The Silverback gorilla, named Rafiki, was killed in the Bwindi Impenetrable National Park after going missing on June 1. His body was found the next day.
The park, a UNESCO world heritage site near Uganda’s border with the Democratic Republic of Congo, is a 320-sq-km patch of dense tropical forest that is home to primates, elephants, antelopes and other wildlife.
Tourists are however mostly drawn to the park by its estimated 400 mountain gorillas – roughly half the world’s population.
In a statement, the state-run Uganda Wildlife Authority (UWA) said the four men were detained for their role in the death of Rafiki.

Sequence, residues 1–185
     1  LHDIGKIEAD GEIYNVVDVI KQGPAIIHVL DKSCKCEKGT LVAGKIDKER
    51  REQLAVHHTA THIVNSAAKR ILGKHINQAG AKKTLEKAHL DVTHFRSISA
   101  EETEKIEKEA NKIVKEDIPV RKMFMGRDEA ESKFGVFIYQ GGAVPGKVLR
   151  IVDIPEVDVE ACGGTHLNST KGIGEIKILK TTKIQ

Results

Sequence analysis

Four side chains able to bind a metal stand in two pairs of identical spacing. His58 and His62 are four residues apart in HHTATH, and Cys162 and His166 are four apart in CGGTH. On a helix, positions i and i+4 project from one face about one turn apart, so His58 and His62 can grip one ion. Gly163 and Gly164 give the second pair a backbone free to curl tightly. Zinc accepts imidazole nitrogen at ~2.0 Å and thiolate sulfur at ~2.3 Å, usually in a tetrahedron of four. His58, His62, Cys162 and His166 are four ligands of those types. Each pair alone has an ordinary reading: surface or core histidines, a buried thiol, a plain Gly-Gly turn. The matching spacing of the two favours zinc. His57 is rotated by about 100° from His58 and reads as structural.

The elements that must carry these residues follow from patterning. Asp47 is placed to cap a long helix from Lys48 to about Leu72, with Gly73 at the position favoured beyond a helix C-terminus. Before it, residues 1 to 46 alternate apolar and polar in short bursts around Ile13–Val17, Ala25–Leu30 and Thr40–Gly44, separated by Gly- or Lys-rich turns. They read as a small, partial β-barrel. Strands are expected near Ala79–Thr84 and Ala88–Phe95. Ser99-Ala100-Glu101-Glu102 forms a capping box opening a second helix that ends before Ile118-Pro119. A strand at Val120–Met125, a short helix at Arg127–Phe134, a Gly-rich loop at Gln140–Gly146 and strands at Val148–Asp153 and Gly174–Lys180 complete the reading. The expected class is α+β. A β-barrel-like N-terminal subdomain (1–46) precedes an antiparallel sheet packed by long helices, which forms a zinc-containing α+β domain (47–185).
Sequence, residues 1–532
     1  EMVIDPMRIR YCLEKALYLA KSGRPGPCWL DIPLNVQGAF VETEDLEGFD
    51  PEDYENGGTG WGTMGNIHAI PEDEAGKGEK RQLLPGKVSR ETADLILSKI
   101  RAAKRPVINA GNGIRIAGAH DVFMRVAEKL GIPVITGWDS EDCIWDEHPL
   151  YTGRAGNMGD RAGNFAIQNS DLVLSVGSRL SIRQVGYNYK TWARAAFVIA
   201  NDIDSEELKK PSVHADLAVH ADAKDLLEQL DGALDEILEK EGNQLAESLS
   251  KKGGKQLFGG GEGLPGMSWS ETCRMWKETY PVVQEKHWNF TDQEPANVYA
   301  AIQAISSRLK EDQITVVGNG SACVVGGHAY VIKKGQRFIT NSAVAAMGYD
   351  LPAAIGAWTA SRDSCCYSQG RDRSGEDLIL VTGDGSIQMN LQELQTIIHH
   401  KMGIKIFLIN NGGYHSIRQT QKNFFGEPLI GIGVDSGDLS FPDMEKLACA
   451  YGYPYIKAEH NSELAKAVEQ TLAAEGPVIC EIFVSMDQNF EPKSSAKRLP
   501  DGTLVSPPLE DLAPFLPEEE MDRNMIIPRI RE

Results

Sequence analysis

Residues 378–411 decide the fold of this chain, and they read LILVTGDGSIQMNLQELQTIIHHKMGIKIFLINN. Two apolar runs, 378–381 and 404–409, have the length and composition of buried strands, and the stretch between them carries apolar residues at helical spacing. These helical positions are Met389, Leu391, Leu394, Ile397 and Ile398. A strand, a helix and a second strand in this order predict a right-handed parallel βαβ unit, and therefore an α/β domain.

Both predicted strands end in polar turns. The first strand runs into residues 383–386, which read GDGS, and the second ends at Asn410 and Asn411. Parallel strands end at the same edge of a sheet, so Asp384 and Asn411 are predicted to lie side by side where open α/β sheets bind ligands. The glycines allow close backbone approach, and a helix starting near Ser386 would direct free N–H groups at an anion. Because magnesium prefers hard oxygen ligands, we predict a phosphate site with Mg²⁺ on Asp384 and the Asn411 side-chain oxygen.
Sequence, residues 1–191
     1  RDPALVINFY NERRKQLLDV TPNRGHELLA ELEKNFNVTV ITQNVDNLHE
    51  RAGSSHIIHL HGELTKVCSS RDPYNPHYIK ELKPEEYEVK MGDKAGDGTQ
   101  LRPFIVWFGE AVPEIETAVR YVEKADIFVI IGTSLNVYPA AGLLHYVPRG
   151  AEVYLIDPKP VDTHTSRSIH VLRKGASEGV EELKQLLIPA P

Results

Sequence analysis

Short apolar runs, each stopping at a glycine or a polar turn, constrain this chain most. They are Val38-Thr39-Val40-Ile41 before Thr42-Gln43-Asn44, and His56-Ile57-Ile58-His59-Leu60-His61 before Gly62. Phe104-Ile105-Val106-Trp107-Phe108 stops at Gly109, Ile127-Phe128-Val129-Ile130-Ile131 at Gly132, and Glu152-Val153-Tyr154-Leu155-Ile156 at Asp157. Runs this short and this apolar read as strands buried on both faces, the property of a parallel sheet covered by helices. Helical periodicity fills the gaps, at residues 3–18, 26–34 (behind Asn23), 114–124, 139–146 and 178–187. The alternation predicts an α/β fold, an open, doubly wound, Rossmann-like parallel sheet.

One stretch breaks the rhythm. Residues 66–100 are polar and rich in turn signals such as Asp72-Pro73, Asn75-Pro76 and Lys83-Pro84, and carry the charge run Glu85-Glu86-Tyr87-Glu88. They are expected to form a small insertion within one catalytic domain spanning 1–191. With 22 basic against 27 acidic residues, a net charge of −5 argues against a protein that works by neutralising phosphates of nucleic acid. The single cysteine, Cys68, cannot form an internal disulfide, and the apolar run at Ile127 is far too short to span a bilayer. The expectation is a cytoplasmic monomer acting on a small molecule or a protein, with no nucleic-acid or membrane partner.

The arrests followed UWA’s investigation of Rafiki’s death “after a postmortem report revealed that the Silverback sustained an injury by a sharp device/object that penetrated its left upper part of the abdomen up to the internal organs”.
One of the detained men had been found in possession of wild hog meat, rope and wire snares and spears, the statement said.
The man “confessed to killing the gorilla in self-defense,” the statement said, adding he said it charged at him while he and a colleague were hunting.
Rafiki was head of a 17-member gorilla group called Nkuringo.
Poaching is rampant in Uganda’s game parks and police frequently announce seizures of illicitly acquired wildlife products such as ivory, rhino horns, pangolin scales and others.